- Songs 1-6: Romania / UK / Albania / Germany / Armenia / Bosnia & H.
- Songs 7-12: Israel / Finland / Croatia / Poland/ Iceland / Turkey
- Songs 13-18: Portugal / Latvia / Sweden / Denmark / Georgia / Ukraine
- Songs 19-25: France / Azerbaijan / Greece / Spain / Serbia / Russia / Norway
- Getting ready to vote
- Time to call it and say who I think will win
- The interval act
- The results of the televote, and who gave who douze pwah
- The final scoreboard
- The winning entry!
- Analysis: the broadcast
- Analysis: the voting
- Analysis: the contest
Following The National Lottery draws (that's Myleene Klass on the right starting the 'Thunderball' draw... were those your numbers?), it's back to Belgrade for the third and final time. As this is the main contest and will be broadcast on majority channels so we can expect that things will be bigger and bolder than the previous two semis. I'll be making lots of references back to the semi-final performances. It'll save repetitions.
But first this... Four frames of a narrated apology:
Back in the land of Eurovision:
It's the dum-dee-dee-dum people, and then finally - at last - it is Marija Ŝerifovič beginning the show with a lone vocal of Molitva. Then it is a brief routine with her singing to a pretty woman in a wedding gown, which really won't help against those who questioned her sexuality last year.
The wedding dress comes off to reveal a trouser-suit (US: pantsuit?) that is half white and half black. Actually, it is more half black trouser-suit and half white ball-gown. More backing dancers turn up dressed likewise. Makes for some interesting visuals. We won't talk about what they've done to Molitva itself. Some things are best left alone...
Molitva performed, Marija sings a song in English aided by a lot of girls wearing very little.
Our hosts for the evening arrive. As before, Željko Joksimović and Jovana Jonković. The BBC commentary is provided by Sir Terry Wogan as is customary (nay, legendary!). Apparently there was something else going on with the interactive service, but given how ugly the subtitling was when I tried in the first semi-final, I decided to stick with the normal broadcast.
What might be a nice idea is if the BBC repeat the broadcast on one of the interactive streams, perhaps the day after the contest?
This is Jovana who explains that some people in Europe kiss once. Some kiss twice. Serbs kiss three times. Nerrr! Around here, people kiss four times (but only three times in the Anjou, a mile away...). It is a bit freaky for me as a Brit, because we emotionally-repressed Brits don't do the kiss-on-meet thing as a matter of course. Only when we're playing at being 'French' which is a bit of a unintentional parody, like so many ex-pats who try to be "more French than the French" and just end up embarrassing themselves (though, astonishingly, some seem oblivious to the agape stares of actual real French people). Anyway, I guess it is nice that many Europeans are more touchy-feely. Just, you know... fluff with my hair or something. Don't try kissing unless you plan on marrying me...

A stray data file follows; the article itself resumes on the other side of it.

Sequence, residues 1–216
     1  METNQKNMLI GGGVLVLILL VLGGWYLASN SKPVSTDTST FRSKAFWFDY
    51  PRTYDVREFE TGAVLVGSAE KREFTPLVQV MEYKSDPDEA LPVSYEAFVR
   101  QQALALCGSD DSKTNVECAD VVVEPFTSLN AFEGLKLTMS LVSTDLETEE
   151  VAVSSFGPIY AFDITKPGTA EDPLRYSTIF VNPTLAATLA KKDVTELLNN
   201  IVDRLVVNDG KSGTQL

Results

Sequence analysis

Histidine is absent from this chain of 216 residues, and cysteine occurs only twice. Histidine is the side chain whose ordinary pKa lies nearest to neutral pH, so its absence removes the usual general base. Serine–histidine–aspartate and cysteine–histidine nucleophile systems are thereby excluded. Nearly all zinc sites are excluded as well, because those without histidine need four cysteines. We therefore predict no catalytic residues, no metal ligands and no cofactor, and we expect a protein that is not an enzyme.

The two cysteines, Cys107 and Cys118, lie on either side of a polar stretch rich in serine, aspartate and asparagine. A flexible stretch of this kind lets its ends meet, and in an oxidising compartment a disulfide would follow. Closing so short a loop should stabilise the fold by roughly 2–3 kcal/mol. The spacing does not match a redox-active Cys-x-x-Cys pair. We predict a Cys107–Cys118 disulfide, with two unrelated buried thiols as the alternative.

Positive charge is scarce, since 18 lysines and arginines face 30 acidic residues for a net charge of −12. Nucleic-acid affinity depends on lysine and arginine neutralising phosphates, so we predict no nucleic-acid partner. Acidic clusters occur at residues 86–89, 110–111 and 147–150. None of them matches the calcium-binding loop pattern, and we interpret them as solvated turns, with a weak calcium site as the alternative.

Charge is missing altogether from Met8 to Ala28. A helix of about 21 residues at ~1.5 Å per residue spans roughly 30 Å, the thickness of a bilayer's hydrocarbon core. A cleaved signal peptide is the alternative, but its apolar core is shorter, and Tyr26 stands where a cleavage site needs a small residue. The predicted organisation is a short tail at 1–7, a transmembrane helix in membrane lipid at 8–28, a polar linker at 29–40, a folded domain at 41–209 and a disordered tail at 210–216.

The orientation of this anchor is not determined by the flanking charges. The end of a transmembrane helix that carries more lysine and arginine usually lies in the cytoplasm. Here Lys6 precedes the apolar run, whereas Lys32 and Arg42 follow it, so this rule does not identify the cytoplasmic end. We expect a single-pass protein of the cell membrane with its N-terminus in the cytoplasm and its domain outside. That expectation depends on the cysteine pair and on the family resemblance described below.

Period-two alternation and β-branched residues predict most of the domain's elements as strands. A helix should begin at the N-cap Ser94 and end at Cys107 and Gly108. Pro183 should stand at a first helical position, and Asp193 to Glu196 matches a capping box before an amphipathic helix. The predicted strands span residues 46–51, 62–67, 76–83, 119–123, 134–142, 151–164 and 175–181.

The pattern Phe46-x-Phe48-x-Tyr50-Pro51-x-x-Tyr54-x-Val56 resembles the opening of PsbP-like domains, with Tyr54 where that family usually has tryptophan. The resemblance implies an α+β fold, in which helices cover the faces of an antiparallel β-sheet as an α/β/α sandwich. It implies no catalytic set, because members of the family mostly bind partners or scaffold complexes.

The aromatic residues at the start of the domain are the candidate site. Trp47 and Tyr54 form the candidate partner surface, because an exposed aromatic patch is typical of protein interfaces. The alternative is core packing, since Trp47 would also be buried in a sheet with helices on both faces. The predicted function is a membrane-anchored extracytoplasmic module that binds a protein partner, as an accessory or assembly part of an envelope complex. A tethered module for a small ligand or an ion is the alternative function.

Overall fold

Well, that accounts for eleven minutes of introduction. Time for a competition song, don't you think? ☺
In honour of this contest being simultaneously broadcast on BBC HD, each song will be accompanied by two pictures.
If you have a low-spec machine, or dial-up, panic now!
Put it like this - it reminds me of that song "Americanos" from the late '80s, where you remember Americanos, blue jeans and Chinos and, well, that's about it.
In this case, it is Even if... dah dah da-dah.
I wish and hope for at least a midway ranking as this is the best song the UK has entered in a while, but the thing is, will anybody remember it three songs down the line?
Wogan, please do not talk over the songs! Your commentary between songs is useful for filling in details that we otherwise won't know, but really, you don't need to comment on what is being acted out in front of us. If we're so dense we can't figure it out without our hands being held, we'd have been watching "Britain's Got Talent" on ITV1 instead...
Haha! I've just noticed the brides are busy knitting while all this chaos is going on.
So much was going of with the sparks and the flashing lights that I saw the video start to go blocky. You rarely see that with BBC One!
Throwaway fact: they were tenth in the first semi, they are tenth now. Will they be tenth on the scoreboard?